Breaking The Fashion Rules with Justine Larbalestier

Australian American author Justine Larbalestier, 54, follows no rules when it comes to her vintage style.
Breaking The Fashion Rules with Justine Larbalestier

I’ve always loved writing and clothes. In all my novels, I find a way to squeeze something in about fashion. Our clothes are us.

I’m researching a book about dress codes and fashion rules, because recently I realized that some – all? – of my fashion preferences weren’t merely my taste, but ideas I’d been indoctrinated with.

I’d always believed that not wearing yellow because I’m too pale was my idea. I was shocked to discover many other pale women thought likewise. Coincidence? Nope, it’s a fashion rule. We’re all brainwashed!

Where do these rules come from? Why do we believe them?

Now I wear tonnes of yellow, such as my beloved early 1970s Anne Klein yellow plaid jacket, worn over a 1930s top, over a 70s Neiman Marcus turtleneck (all from Edith Machinist) with 1940s jeans from Ellen Shop. (Contrary to what folks who don’t wear vintage believe, most of us used-clothes wearers mix eras.)

Fashion rules are supposedly about teaching good taste. But who gets to decide what good taste is?

People with power. Most rules of good taste help enforce class norms. If middle class and up women are taught to avoid yellow, then the pasty woman wearing yellow marks herself as déclassé. Foolish girl doesn’t know how to dress properly!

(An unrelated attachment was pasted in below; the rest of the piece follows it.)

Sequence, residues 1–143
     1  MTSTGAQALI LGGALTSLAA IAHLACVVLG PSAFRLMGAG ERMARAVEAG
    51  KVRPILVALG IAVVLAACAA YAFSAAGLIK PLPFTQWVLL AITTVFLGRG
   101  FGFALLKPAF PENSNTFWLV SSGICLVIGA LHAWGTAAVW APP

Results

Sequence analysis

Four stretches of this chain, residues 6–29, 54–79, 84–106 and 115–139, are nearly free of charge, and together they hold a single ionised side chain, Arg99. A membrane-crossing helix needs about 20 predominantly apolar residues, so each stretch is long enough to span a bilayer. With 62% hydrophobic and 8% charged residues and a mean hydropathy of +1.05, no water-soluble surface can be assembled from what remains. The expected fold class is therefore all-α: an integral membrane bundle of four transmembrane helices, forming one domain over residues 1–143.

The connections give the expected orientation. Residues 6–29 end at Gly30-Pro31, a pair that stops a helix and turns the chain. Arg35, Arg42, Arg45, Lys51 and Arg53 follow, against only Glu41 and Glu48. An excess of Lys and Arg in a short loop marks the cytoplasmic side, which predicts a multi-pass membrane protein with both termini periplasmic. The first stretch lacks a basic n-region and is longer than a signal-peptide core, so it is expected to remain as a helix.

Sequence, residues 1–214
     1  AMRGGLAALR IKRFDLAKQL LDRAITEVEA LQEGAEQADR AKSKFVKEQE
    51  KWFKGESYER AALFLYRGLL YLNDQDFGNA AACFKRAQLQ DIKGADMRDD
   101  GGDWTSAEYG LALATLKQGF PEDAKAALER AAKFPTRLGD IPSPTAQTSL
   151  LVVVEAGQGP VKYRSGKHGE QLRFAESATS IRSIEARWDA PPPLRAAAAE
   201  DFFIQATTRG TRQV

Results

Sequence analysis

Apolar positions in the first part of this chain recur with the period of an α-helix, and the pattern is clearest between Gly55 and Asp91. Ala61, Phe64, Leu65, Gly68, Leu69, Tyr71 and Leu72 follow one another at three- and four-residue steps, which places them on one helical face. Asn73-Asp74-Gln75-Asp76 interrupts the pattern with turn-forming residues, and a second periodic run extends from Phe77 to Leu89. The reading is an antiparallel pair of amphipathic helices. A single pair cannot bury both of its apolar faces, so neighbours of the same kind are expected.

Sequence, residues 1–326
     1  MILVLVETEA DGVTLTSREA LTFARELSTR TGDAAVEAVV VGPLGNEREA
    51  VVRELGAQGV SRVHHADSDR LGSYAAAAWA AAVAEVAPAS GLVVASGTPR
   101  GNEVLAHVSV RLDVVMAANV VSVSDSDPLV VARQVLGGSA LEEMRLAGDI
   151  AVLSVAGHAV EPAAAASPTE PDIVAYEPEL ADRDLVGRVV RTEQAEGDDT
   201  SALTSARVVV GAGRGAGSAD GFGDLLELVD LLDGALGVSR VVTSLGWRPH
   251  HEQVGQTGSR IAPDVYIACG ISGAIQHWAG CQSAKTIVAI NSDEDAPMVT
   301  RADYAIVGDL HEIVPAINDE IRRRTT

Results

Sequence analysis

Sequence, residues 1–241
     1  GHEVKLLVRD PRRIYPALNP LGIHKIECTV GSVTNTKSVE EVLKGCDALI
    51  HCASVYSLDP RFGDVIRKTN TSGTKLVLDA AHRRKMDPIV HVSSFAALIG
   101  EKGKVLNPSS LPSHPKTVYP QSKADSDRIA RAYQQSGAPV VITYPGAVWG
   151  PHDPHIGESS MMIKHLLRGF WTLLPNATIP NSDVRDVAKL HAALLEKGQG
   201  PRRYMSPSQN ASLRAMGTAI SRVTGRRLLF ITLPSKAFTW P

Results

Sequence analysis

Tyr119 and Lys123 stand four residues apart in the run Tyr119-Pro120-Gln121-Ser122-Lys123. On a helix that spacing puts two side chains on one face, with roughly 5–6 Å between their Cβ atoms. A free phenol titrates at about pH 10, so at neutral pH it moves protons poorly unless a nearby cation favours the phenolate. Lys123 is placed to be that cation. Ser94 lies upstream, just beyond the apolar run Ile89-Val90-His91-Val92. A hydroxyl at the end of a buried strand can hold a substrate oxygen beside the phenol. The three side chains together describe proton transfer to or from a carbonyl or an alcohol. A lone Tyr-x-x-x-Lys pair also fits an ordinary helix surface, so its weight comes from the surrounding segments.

One of the main jobs of fashion rules is to enforce the imaginary gender binary. I love being able to dress as masculinely or as femininely as I want; I wish everyone had that privilege and joy. Sadly there are too many places, in the USA and elsewhere, where breaking these rules isn’t just a faux pas. Some of us risk violence if we lean too far into our femininity or masculinity.

Fashion rules that demarcate class go all the way back to sumptuary laws: laws enforced by monarchs and aristocrats to make sure the riff-raff couldn’t dress like them. No ermine and lace for you, peasant!

One of the great things about fashion history is this strategy never works. Wealthy merchants dressed like kings no matter how much they were fined for doing so. Then servants wore their castoffs. Oh, the confusion!

Class is behind the no-white-after-Labor-Day rule. Those with money can afford to have new outfits with the change of season. The poor wear white clothes and straw hats till they fall apart. They must be pointed at and mocked or beaten up (see the 1922 Straw Hat Riot).

Until recently pattern mixing was a sign of horrible taste. Pattern mixers marked themselves as tasteless wannabes; true classy types, think Audrey Hepburn, knew that less is more.

Lately, it’s become fashionable to mix patterns, thus we got hit with a slew of new rules on how to pattern mix. Don’t mix bold colour patterns with neutral ones! Make sure the patterns have at least one common colour! Mix and match one pattern type! Use all plaids, but in varying sizes and colours! Stick to safe combinations: leopard prints and polkas dots are pattern neutrals. To all of which, lol. (The use of the word “neutral” is never neutral.)